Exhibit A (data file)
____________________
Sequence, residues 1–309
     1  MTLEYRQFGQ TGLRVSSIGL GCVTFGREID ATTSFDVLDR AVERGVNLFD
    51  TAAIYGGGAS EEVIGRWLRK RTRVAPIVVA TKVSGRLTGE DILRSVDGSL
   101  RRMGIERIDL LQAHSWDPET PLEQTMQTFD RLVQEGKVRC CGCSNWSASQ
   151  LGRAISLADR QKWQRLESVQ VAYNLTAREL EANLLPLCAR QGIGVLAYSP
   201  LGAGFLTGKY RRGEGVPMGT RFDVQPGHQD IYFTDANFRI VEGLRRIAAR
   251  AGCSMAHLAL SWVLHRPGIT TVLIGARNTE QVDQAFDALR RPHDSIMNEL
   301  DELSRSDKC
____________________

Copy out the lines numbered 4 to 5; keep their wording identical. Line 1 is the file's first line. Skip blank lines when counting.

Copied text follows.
   101  RRMGIERIDL LQAHSWDPET PLEQTMQTFD RLVQEGKVRC CGCSNWSASQ
   151  LGRAISLADR QKWQRLESVQ VAYNLTAREL EANLLPLCAR QGIGVLAYSP